In addition to all of the other things we are supposed to be aware of this month, the National Safety Council has declared April “Distracted Driving Awareness Month.”
I know that I certainly am aware of distracted drivers. Every morning during the school commute, I point out to my kids the drivers I see that are texting, talking on the phone and in some cases, people texting while bicycling in traffic. And these are the people I see in a short morning car ride. In previous years, I worked as a crossing guard for a local elementary school. I can honestly say from the standpoint of someone whose job it was to ensure kids’ safety that this job was a challenge every single day. Distracted drivers on the roadway have nothing on hurried, multitasking parents driving in a school zone. I had the experience of nearly being run over by a slow moving vehicle whose driver was staring down at her lap. Had she hit me, I seriously doubt she would have even known. There is incredible disparity in our priorities when we are willing to put lives at risk just to carry on a conversation or send a quick text message. We truly have become a society that is attached to our electronic devices. Thankfully the laws have caught up with the times. Bottom line, it is illegal to text and drive, folks. Last month, a local teacher lost her life in a car accident caused by a distracted driver. In 2011, a small child in Rohnert Park was killed by a driver who was texting. For her blatant disregard of the law, the driver received probation and community service. While I commend the laws on the books, I think its safe to say they aren’t discouraging anyone. Driving a vehicle while texting is six times more dangerous than driving while intoxicated according to the National Highway Traffic Safety Administration. The federal agency reports that sending or receiving a text takes a driver’s eyes from the road for an average of 4.6 seconds, the equivalent — when traveling at 55 mph — of driving the length of an entire football field while blindfolded. The gravity of these statistics is ignored by the vast majority of drivers on the road today. I commend the changes that have occurred, but in light of statistics drivers who choose to disregard them should be punished in the same vein as drunk drivers. I dont know of anyone who received little more than community service for driving drunk. The risks should have the same potential consequences. Until drivers fully realize this, the epidemic–and it is one–of texting/driving will continue.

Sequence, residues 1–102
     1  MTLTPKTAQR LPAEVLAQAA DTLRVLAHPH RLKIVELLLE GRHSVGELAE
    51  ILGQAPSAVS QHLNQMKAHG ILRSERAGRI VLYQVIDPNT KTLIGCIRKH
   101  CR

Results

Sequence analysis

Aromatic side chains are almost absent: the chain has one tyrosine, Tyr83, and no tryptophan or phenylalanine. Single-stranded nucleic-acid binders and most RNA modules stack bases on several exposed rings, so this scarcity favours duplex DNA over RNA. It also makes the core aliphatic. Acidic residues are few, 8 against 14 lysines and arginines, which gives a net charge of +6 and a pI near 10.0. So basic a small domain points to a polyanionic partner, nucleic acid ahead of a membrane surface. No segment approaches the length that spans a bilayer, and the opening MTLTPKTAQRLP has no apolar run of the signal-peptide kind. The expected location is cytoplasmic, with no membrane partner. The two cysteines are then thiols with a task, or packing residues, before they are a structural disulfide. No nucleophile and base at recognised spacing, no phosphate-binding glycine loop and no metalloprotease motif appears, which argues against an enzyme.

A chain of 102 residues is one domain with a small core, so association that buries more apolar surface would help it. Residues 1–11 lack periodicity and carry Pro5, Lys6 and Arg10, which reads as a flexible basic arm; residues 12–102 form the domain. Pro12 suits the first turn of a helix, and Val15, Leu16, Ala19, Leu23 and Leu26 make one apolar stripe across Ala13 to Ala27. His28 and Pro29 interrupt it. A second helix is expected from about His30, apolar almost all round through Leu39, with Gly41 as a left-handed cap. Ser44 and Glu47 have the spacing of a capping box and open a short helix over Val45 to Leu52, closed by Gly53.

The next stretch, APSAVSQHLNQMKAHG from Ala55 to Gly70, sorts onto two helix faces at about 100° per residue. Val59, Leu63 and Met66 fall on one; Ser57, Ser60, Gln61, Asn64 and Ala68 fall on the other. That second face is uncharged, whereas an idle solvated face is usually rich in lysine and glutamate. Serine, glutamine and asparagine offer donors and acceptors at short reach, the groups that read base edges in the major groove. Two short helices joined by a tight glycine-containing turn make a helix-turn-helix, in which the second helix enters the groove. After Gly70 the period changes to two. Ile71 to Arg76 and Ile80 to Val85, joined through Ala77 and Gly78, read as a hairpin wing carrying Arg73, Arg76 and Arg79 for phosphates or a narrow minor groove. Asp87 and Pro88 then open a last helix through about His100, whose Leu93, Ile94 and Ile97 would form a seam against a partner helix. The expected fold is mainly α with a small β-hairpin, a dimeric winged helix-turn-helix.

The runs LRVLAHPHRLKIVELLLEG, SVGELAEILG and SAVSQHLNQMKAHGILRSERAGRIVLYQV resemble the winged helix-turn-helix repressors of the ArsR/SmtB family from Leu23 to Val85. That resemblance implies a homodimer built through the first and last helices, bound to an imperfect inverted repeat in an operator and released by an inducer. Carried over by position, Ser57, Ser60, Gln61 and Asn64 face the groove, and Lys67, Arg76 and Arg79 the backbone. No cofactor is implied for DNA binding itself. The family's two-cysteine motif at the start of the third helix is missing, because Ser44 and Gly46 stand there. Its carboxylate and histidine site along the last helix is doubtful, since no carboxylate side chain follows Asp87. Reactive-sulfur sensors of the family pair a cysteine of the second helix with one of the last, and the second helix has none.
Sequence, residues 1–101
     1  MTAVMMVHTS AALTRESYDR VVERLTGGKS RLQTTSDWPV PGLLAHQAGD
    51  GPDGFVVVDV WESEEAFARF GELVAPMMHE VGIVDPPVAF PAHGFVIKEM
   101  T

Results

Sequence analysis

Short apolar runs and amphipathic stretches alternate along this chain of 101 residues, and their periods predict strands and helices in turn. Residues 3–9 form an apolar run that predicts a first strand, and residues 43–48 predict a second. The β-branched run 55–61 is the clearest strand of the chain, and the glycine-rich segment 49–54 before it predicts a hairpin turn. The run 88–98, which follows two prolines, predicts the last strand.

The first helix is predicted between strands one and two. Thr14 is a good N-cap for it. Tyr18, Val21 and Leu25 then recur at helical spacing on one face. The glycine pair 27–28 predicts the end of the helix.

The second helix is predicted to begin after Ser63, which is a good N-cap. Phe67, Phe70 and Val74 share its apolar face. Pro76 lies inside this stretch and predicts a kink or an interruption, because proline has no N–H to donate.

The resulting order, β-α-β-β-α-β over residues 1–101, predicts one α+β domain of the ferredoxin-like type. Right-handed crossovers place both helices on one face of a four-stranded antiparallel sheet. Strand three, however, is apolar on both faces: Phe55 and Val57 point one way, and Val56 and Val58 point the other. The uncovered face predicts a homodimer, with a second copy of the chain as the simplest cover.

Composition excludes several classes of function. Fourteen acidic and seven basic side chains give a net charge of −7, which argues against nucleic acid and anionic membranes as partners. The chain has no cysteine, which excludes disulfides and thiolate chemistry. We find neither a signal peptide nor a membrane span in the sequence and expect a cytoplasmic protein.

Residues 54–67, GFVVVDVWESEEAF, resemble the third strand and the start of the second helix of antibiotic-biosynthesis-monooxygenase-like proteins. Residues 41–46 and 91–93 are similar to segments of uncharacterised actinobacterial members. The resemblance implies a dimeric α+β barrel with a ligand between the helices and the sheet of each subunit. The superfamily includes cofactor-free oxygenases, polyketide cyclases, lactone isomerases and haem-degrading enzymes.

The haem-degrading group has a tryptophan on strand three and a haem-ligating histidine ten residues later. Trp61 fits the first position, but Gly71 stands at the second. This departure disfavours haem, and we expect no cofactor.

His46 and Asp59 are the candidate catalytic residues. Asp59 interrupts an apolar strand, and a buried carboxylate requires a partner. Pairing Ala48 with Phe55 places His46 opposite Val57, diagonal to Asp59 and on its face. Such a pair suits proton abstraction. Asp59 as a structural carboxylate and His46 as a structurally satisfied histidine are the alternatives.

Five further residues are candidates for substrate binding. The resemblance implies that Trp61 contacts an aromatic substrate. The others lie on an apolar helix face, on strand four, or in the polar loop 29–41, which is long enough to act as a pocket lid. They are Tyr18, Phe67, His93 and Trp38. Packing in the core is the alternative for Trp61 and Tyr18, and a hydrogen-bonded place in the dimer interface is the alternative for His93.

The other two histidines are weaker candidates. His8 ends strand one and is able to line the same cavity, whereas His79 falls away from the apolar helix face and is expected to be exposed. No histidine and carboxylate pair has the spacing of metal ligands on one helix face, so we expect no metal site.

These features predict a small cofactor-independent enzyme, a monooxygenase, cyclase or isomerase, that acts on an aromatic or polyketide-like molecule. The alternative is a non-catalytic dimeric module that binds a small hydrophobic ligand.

Until that happens, I urge pedestrians to be pro-active when crossing streets and bicyclists to stay in designated bike lanes. And to those driving vehicles on the roadways…put down your phones and drive.